Two Tips:

  • Immerse yourself in the cultures of the countries you travel to and find what it is really like to live; don’t just visit all the tourist traps.
  • Remember to sleep or you will end up sick for a week.


Iris Naimark, London Internship—Management Track

Iris London EyeInterned as an Environment Intern at the Policy Studies Institute under the University of Westminster, Spring 2014

Internship: I interned for the Policy Studies Institute under the University of Westminster as an Environment Intern. I mostly did literature reviews and searched for articles and relevant data about energy that were related to the project upon which my supervisor was working. I also did some more minor Excel work and searches. There seemed to be a mismatch between my internship aassignment and what I’m studying in school (Business+Economics), so it may not have been the right fit for me. I did end up asking the company if they could teach me some more relevant skills, so they taught me how to use a statistics software called SPSS, which was great!

I Learned: The experience was really amazing. I have been living in Boston for the past 15 years and have been attending school in the same 2 mile radius since 2nd grade, so this was the first time I really got the opportunity to go elsewhere and live there for a little while. Prior to the experience, I thought I would want to stay in Boston forever, but this opened my eyes to wanting and being willing to relocate in the future. In addition to this, I most certainly learned about the difference between culture here in the States, in the UK and in Europe. All three are quite different, and the UK seems to be a unique mix of American and European culture. I loved the people there and am planning to visit back in the near future!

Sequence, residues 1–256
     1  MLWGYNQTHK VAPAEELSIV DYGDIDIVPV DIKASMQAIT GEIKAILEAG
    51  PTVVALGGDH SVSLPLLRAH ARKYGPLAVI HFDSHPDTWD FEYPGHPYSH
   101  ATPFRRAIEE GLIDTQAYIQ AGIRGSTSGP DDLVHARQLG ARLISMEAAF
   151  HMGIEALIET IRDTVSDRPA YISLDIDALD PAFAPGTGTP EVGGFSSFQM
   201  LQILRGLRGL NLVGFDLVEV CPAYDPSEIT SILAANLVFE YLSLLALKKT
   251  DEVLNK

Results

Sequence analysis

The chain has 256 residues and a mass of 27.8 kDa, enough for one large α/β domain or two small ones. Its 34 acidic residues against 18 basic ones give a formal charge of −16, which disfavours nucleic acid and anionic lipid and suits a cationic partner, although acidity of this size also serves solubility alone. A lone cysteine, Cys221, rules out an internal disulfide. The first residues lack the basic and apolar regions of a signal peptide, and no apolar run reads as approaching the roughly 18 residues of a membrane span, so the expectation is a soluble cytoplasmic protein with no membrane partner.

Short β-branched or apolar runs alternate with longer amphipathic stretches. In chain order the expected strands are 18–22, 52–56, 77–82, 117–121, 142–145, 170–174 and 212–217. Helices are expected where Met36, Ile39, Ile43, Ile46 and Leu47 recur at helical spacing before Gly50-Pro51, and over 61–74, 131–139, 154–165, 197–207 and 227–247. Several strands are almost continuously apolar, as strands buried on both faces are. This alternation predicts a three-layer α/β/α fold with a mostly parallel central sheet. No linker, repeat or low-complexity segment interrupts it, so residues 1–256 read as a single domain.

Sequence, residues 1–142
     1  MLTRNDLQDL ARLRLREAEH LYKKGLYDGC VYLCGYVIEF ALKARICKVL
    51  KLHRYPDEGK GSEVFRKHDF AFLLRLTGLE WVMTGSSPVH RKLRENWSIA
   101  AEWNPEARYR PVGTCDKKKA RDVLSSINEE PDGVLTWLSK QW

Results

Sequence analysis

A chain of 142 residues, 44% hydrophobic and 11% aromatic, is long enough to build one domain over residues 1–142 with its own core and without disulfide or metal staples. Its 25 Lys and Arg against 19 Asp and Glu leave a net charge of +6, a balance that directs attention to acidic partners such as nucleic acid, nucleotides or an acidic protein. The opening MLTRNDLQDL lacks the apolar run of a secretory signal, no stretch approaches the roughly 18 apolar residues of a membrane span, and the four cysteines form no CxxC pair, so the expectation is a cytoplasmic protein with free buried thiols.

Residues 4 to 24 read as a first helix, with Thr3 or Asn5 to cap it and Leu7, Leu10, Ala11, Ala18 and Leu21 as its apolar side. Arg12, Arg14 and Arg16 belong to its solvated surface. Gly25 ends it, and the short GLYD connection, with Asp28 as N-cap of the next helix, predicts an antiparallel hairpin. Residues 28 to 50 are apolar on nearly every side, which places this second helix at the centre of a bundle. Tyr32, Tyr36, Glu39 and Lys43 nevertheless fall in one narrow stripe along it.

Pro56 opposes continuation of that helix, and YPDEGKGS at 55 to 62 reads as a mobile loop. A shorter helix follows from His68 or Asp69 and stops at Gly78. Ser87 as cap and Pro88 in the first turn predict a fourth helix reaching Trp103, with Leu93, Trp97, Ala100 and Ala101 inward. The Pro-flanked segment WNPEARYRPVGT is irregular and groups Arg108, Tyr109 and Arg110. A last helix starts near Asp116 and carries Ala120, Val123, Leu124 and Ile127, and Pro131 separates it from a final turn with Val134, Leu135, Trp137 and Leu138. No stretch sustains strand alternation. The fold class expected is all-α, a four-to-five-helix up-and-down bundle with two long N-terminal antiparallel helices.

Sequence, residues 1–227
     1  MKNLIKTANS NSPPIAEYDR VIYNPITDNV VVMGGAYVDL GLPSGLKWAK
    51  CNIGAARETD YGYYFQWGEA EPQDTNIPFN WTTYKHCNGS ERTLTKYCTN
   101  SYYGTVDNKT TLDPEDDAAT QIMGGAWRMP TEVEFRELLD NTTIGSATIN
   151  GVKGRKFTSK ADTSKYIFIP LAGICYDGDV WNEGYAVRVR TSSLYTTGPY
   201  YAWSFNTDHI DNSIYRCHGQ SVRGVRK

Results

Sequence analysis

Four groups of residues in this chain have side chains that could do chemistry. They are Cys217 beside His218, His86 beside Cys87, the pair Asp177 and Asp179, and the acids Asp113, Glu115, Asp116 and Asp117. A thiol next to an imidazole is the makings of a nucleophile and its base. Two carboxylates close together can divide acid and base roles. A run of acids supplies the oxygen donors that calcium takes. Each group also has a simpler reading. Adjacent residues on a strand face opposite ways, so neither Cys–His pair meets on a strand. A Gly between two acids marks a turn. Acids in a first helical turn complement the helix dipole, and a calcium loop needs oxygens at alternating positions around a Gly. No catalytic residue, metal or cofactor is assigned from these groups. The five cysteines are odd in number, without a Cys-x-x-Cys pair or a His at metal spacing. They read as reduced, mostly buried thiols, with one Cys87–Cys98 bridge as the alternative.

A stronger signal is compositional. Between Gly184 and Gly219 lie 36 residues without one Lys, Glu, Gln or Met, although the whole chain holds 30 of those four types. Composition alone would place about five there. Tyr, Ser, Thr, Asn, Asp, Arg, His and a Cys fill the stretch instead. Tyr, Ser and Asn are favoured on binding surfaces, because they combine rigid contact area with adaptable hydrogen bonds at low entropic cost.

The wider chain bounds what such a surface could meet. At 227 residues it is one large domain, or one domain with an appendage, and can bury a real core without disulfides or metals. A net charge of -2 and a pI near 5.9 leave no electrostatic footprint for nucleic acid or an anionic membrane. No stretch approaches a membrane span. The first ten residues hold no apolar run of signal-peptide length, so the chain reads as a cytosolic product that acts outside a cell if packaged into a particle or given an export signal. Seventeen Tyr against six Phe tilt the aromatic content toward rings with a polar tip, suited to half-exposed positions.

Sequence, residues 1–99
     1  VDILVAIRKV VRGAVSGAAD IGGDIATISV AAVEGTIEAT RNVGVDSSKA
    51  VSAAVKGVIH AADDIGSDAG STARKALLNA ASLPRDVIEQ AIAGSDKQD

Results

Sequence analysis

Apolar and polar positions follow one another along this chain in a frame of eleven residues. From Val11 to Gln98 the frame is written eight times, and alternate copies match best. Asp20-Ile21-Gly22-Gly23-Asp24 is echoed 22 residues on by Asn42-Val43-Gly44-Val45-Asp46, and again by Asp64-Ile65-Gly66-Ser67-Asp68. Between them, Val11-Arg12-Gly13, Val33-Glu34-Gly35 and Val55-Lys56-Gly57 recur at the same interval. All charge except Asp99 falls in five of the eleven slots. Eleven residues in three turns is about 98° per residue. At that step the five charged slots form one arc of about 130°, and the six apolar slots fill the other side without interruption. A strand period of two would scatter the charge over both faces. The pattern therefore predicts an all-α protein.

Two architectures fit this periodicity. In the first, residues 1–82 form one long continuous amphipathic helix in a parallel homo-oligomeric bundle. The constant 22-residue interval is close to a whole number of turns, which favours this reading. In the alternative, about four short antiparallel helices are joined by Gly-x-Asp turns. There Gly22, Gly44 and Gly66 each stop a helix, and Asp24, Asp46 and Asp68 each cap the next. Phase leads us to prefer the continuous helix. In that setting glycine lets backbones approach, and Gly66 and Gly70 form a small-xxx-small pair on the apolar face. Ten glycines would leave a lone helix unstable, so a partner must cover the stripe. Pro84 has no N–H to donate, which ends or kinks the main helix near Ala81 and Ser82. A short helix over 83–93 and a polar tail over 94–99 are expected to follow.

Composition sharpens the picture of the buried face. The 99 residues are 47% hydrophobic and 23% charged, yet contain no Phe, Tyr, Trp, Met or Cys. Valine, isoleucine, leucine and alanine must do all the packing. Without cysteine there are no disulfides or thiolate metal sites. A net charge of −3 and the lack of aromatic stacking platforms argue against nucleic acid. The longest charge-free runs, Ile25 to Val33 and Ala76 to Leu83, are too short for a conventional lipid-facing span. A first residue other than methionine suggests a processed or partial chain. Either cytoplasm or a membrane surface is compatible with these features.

What Surprised Me: Oftentimes when I visit new cities I have a criterion I use to evaluate them, specifically: “Would I be able to live here?” Most of the time the answer is, “no,” and I think that this is the case because I never spend more than four days in each city when I am travelling. I thought it would be the same case for London—that I would visit, enjoy myself, and look forward to getting back home to Boston. My attitude was completely different by the end of the experience; I wanted to stay and didn’t even want to go on my planned post-study abroad Euro-trip! I do think that London is the best city in the world, so I may be biased, but studying abroad in a new place really does change someone’s attitude about the world.

Hardest Part: The hardest part was definitely the mismatch between what I wanted from my internship and what actually happened; I had a lot of trouble communicating with EUSA and attempting to align my goals. Of course, I learned a lot from this and from the internship itself, but I wish the internship matching experience went smoother.